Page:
Insurance profits hit 6-year high

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Insurance profits hit 6-year high


Korea’s insurance industry saw its overall operating profit rise to a six-year high during the first three months this year, but the financial watchdog has warned it to tighten its belt and put more money in reserve amid worsening profitability indicators.

According to data unveiled by the Financial Supervisory Service (FSS) on Thursday, insurers posted a total 2.23 trillion won ($1.88 billion) in operating profit for the first quarter, up 6.3 percent year on year. This was the largest since the first quarter in 2010, when the sector yielded about 2.17 trillion won.

Of that 2.23 trillion won, non-life insurers, which offer personal and corporate auto, property and indemnity insurances, accounted for 908.1 billion won, enjoying a 10.5 percent year-on-year boost.

Insurance companies profit more from the sale of insurance products and returns from investments than from monthly insurance premiums.

In the first quarter, the overall insurance industry saw declining returns from asset management and financial investments due to the continuing low interest rates.

Despite the falling returns on investments, the industry saw a boost from income from premiums after raising premiums on private supplementary health insurances around 20 percent in January and on auto insurance products around 3 percent within first quarter.

The raises followed the financial authority’s deregulatory moves last year that lifted the ceiling on premium hikes as part of its reform initiatives.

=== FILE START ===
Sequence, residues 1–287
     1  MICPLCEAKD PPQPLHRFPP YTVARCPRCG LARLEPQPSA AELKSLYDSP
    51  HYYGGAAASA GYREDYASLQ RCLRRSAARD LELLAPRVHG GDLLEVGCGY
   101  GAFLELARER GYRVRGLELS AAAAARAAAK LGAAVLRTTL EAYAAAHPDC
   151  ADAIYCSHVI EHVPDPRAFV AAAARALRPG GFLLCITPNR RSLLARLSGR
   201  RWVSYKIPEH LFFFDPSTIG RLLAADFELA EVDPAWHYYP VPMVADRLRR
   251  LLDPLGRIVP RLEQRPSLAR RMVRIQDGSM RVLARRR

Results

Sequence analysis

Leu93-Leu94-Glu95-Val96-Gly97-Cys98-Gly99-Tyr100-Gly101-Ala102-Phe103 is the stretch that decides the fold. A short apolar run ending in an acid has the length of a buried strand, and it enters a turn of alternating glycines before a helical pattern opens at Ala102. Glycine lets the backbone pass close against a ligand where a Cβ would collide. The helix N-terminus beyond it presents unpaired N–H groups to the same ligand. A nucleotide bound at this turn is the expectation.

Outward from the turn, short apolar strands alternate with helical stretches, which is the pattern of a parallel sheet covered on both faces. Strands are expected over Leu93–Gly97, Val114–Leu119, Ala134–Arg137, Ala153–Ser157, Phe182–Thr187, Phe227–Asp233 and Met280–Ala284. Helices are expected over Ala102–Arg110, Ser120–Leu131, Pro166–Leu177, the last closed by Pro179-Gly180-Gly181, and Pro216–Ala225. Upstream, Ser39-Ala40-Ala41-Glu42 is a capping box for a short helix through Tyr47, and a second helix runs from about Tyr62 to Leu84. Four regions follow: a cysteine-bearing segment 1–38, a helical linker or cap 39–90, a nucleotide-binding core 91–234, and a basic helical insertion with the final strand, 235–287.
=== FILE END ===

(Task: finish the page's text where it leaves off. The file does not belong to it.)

The non-life insurers mainly profited from income from premiums, which spiked more sharply than the insurance payouts, on auto and long-term supplementary health insurance products. The profit increase seen by life insurers came from an increase in income from the fees associated with variable and savings insurances, which attracted more clients by offering better interest rates than regular bank savings.

But the FSS warned insurers to focus on enhancing balance sheets and saving more, saying that their profitability indicators such as return on assets (ROA), an indication of the efficiency of each company’s asset management, and return on equity (ROE), an indication of the profitability of the company’s own equity, are both declining.

“Despite enhanced operating profit, the profitability indicators are worsening and the investment environment is forecast to be unfavorable for them due to continuing low interest rate trend,” the FSS wrote in a statement. “Also, given the strengthened fiscal soundness requirements pushed by the new International Financial Reporting Standards [IFRS], the insurance firms have to save more in reserves and enhance the balance sheets by 2020.”

The industry-wide ROA posted 0.93 percent, down 0.03 percentage point compared to the first quarter last year, and the ROE also declined 0.07 percent year-on-year to post 9.36 percent.


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